Archive for the ‘Trump and Mexico’ category

Mexico: Blame Canada

January 31, 2017

Mexico: Blame Canada, Strategy Page, January 31, 2017

(Endemic corruption, cartels, crime, an unpopular president and other bad stuff in Mexico? It must be imperialistic America’s fault. Therefore, remittances should be encouraged and all U.S. border controls eliminated. At least Obama would agree. — DM)

The government announced it would spend $50 million to hire lawyers in the United States to defend Mexican citizens there illegally and faced with deportation. This is all about money and a lot more than $50 million. The Mexican central bank tracks how much money Mexicans abroad send home and in 2016 it was $25 billion, almost all of it from Mexicans in the United States and much of it from Mexicans in the United States illegally. That remittance cash accounts for more foreign exchange than Mexican oil exports. The remittance income is rising. It was nearly $22 billion in 2013 and is expected to rise to $28 billion in 2017, unless the United States enforces its immigration laws like Mexico does. Mexico has for decades tolerated illegal migration to the United States because the corruption and bad government in Mexico did little to provide jobs for the growing number of unemployed Mexicans and created a lot of potentially troublesome young men and women. Tolerating and, for many Mexican politicians, openly supporting the illegal migrants, was a popular policy and the government came to regard it as a right. But it was also about money and the remittances created a huge source of foreign currency flowing back to Mexico.

There’s more to it than money. After years of being accused of permitting the abuse of Central American migrants who enter Mexico the government agreed pay more attention to border security on its own southern border. Many of the illegal migrants from Central American are heading for the United States and that was not seen as a Mexican problem. But criminal gangs increasingly robbed and kidnapped the migrants and the government did very little to stop that. The gangsters often attacked Mexican citizens as well. Mexico has more severe laws against illegal immigration and illegal migrants than the U.S.  It also enforces them more vigorously than does the U. S. By mid-2014 Mexico agreed to undertake Operation Sur which was supposed to curb illegal Central American migrants from entering Mexico. Operation Sur increased surveillance operations along Mexico’s southern border and improved border inspections. The government also tried to improve registration of legal migrants. In addition to the criminals, local police forces in southern Mexico have been accused of extorting money from illegal migrants and police corruption has long been a major problem. Despite Operation Sur, Mexico did little halt illegal migration across its northern border.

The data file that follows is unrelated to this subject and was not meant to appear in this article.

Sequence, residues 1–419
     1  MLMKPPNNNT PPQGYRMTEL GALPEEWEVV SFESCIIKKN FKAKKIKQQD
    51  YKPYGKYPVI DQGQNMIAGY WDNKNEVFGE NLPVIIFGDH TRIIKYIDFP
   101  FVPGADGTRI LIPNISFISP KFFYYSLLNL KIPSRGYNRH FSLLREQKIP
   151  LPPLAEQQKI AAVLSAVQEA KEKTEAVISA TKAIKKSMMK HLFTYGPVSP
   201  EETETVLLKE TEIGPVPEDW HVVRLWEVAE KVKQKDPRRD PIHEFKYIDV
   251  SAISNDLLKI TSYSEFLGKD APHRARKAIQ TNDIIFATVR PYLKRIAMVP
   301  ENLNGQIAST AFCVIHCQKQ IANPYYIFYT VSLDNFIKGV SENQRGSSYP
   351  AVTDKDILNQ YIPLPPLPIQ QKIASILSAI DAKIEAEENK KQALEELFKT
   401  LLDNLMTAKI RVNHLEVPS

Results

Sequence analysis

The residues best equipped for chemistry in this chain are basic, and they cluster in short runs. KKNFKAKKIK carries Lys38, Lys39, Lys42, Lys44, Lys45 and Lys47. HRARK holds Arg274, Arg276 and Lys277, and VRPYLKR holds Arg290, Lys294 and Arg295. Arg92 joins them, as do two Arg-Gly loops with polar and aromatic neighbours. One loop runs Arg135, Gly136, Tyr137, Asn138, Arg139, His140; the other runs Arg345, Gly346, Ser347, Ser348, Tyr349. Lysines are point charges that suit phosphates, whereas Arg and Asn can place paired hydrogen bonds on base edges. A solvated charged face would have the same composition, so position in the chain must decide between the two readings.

All this was noticed in the U.S. and politicians there found themselves under increasing pressure to enforce American migration laws as vigorously as Mexico (and Canada) did. By 2016 that brought to power an American government that seemed serious about applying Mexican practices to illegal migrants and actually did so. That was unpopular in Mexico and will probably lead to unexpected changes inside Mexico. But the practice of blaming your northern neighbor for your problems is losing its punch even in Mexico.

January 28, 2017: Police discovered the decapitated corpses of three policemen from the town of Huimanguillo (Tabasco state). The victims were slain near the border with Veracruz state.

January 27, 2017: In the south (Yucatan state) the government announced the arrest of three men suspected of smuggling drugs for the Sinaloa cartel. One of these, Roberto Najera Gutierrez, was described as a senior cartel leader and one of cartel boss Joaquin Guzman’s top lieutenants. The other two individuals are also Sinaloa cartel operatives. Gutierrez has directed drug trafficking operations from Central American countries and he has been especially active in Chiapas and Yucatan states.

January 24, 2017: The government confirmed the January 19 arrest (in Sinaloa state) of Juan Jose Esparragoza Monzon, the son of a senior member of the Sinaloa cartel. Monzon is suspected of investing cartel funds in real estate in Mexico as well as being involved in violent crimes in Baja California state.

January 23, 2017: Colima state had 607 murders in 2016 versus 189 in 2015. That is a 220 percent increase. A turf war between the Sinaloa and Jalisco New Generation cartels is engulfing the state, with the seaport of Manzanillo the prize. Around 700,000 people live in Colima. The 2016 summary was announced just before state security officials said it believed that that Jalisco New Generation cartel gunmen were responsible for the murders of a dozen people in the state between January 19 and 23. Seven headless corpses were found near Manzanillo on January 21.

January 19, 2017: The government announced that Sinaloa cartel commander Joaquin Guzman had been extradited to the U.S. Media called the unexpectedly rapid extradition a “surprise.” In U.S. federal court in New York Guzman pled not guilty to a 17-count indictment. He faces narcotics trafficking and money laundering charges. He is also accused of ordering murders and kidnappings in the U.S.